Ever since Steve Hill announced his plans to leave the Governor’s Office of Economic Development in September, he’s been pegged as the heir-apparent to Las Vegas Convention and Visitors Authority President and CEO Rossi Ralenkotter.
But a lot has changed since September.
Hill on Tuesday officially was announced as the LVCVA’s new chief operating officer by Ralenkotter, a position he’ll take over on Jan. 22.
The position will pay between $212,200 and $424,400 a year.
But Ralenkotter won’t be relinquishing the LVCVA reins anytime soon and when he does, Hill wouldn’t necessarily be next in line for the job.
Ralenkotter, 70, wrapped up the two-year process of reorganizing the LVCVA “C-suite” in announcing Hill’s appointment. He also said Cathy Tull, senior vice president of marketing, has been promoted to chief marketing officer, a position the LVCVA board authorized last month, and that Ed Finger, senior vice president of finance, has been promoted to chief financial officer. Finger replaces Rana Lacer, whose last day at the LVCVA was Tuesday and is stepping down to spend more time with her family.
Hill will step into a position where he’ll be handling day-to-day functions for the LVCVA while Ralenkotter will continue as the organization’s top policy man and represent the city in national and international representative roles.
Once Hill outlined plans to leave Gov. Brian Sandoval’s administration in September — an occurrence not uncommon in the latter months of an outgoing government chief executive — Hill became the favorite to take a lead role at the LVCVA. Hill has been a key figure as chairman of the Southern Nevada Tourism Infrastructure Committee and the Las Vegas Stadium Authority. While most of the focus for the stadium has been on it becoming the new home of the Oakland Raiders, the facility has long been considered an important economic development driver benefitting the tourism economy. Hill is expected to continue to chair the Stadium Authority.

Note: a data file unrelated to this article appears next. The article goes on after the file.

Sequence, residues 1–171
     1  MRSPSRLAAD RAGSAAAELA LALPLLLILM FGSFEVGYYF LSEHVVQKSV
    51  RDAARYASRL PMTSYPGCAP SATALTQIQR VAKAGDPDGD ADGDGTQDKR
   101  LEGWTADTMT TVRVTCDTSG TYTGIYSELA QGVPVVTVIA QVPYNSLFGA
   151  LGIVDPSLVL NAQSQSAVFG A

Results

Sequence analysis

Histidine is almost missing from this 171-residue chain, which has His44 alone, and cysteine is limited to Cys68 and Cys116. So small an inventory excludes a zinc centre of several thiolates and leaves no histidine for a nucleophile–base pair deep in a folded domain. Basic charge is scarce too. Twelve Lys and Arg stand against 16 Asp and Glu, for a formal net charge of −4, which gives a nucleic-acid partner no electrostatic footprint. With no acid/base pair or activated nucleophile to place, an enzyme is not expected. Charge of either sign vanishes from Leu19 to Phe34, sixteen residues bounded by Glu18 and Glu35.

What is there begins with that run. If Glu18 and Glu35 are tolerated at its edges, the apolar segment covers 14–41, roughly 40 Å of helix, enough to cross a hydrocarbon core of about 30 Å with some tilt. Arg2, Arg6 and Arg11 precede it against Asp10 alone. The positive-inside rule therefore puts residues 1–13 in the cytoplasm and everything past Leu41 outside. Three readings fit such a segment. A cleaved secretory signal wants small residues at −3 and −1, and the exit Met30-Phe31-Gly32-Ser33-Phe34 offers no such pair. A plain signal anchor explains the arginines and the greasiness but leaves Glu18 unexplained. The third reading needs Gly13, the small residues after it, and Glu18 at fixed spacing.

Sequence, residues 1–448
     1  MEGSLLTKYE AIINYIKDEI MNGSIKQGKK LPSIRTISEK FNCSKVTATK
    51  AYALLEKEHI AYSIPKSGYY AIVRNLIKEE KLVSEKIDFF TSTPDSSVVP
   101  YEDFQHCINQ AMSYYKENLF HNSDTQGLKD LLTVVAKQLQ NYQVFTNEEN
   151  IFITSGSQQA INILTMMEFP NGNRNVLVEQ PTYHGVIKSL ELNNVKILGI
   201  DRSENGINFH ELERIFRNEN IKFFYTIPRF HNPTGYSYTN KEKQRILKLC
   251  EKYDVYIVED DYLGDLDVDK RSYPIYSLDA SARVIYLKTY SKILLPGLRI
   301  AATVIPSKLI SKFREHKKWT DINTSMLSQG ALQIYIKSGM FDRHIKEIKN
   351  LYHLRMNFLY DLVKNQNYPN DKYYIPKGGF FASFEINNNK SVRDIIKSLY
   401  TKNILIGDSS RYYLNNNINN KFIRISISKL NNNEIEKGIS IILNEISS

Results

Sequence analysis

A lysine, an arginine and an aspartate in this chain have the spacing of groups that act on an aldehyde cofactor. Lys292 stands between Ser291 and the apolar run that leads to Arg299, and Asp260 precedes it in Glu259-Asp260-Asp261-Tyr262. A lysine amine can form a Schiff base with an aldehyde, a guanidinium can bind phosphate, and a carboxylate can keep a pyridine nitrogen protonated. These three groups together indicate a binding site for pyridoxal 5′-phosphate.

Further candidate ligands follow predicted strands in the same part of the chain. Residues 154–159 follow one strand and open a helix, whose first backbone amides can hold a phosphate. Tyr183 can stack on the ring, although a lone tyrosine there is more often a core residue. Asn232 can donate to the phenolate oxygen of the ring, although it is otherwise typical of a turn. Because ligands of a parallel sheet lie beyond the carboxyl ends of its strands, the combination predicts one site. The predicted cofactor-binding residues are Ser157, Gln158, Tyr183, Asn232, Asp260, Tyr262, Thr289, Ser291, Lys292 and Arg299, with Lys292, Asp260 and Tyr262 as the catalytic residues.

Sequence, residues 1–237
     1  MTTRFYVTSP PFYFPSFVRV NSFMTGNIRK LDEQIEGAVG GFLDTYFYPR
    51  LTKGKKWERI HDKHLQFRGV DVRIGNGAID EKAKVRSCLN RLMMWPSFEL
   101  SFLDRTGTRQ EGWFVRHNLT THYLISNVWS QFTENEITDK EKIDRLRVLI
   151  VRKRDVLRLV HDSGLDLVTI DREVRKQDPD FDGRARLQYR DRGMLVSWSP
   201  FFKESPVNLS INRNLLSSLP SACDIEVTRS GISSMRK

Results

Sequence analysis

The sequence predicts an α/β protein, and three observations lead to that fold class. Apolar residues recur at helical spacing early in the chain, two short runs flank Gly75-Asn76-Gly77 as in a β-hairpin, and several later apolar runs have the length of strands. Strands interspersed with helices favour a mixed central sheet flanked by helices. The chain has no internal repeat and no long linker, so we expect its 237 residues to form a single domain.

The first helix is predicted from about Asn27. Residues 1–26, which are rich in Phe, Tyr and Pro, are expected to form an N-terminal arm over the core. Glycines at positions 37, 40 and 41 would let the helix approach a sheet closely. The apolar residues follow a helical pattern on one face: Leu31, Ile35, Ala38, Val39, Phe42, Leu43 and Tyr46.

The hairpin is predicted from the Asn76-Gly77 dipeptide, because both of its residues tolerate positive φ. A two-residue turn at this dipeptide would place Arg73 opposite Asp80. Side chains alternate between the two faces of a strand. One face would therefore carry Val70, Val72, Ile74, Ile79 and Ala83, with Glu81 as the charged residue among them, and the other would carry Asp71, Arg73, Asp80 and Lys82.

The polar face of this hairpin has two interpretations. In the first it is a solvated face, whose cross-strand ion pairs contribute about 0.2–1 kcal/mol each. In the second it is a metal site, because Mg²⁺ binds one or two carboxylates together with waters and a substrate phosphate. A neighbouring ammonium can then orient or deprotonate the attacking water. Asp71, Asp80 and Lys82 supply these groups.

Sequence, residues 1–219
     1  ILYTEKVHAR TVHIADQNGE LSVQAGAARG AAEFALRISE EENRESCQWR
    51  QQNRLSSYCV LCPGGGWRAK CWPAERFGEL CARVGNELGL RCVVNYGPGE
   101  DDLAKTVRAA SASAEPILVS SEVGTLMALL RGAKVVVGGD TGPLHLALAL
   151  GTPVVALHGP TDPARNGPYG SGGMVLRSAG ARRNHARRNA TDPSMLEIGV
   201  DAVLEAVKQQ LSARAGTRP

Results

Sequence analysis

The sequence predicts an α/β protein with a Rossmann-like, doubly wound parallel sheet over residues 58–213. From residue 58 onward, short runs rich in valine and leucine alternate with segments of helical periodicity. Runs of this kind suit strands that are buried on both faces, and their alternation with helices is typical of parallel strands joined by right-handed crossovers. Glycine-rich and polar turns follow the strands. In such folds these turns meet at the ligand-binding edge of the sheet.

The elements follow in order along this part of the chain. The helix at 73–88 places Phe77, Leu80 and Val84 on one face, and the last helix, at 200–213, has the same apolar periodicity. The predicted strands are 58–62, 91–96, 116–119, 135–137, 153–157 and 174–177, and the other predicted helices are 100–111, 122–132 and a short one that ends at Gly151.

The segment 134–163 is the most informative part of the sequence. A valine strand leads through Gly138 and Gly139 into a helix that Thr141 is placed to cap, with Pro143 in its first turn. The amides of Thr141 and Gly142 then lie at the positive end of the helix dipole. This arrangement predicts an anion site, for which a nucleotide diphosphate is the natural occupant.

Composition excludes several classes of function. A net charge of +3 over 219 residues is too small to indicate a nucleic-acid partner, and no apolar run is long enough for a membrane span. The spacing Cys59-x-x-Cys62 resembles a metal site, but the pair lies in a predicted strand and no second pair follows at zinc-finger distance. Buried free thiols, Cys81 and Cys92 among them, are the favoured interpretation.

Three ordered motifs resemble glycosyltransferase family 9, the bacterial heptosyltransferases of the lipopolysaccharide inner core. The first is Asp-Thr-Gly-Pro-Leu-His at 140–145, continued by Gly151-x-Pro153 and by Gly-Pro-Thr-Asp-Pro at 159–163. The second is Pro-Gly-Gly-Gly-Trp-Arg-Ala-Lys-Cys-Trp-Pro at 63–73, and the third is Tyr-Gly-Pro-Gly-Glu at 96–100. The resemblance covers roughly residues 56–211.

When the 1 October massacre occurred, the LVCVA process of reorganizing the C-suite took a back burner. The anticipation that Hill would join the group got pushed back and LVCVA leaders insisted that Hill was a candidate for chief operating officer, not a shoo-in.
The extra time enabled Hill to prep Republican Assembly Leader Paul Anderson to fill his economic development post.
Last month, the LVCVA had a discussion about Ralenkotter’s eventual successor and how the board wanted to have a say in how that occurs when Ralenkotter eventually leaves.
That isn’t likely to happen anytime soon — at Monday’s groundbreaking ceremony for the Las Vegas Convention Center expansion and renovation, Ralenkotter vowed to be on board when the facility opens in January 2021. At least two speakers at the ceremony referred to the new 600,000-square-foot exhibition hall for which ground was broken as “Ralenkotter Hall.”
The December board conversation about C-suite succession also included a decision to create the new chief marketing officer position and Tull was always the clear favorite to fill that role. The new position will pay in the range of $171,900 and $305,100 a year.
The appointment of Finger to chief financial officer completed the executive moves.
It’s official: No visitation record in 2017
The Las Vegas Convention Center board of directors on Tuesday received a report with the preliminary visitation statistics for 2017.
Kevin Bagger, executive director of the LVCVA Research Center, said visitation for the year was down 1.7 percent from 2016’s record 42.2 million.
Bagger said the downturn was attributable to lower available room inventory and a slight decline in occupancy. Hundreds of hotel rooms were offline through 2017 as renovations occurred at Caesars Palace, Planet Hollywood, Harrah’s, The Linq, Monte Carlo, Palms and Palace Station.
The 1 October shooting also resulted in a dip in visitation, mostly in October and November.
Occupancy was off 0.4 percentage points from 2016 to 88.7 percent for the year, but the average daily room rate was up 2.8 percent to $129 a night.
Bagger confirmed that 2017 was Las Vegas’ best year for conventioneers with 6.6 million arriving for meetings and trade shows.
Bagger’s team is forecasting a 1.2 percent increase in visitation in 2018 to 42.7 million, which would be short of 2016’s record 42.9 million. The reason for the conservative estimate: continued low inventory with renovations continuing at Monte Carlo (to be renamed Park MGM) and at Luxor and Cosmopolitan.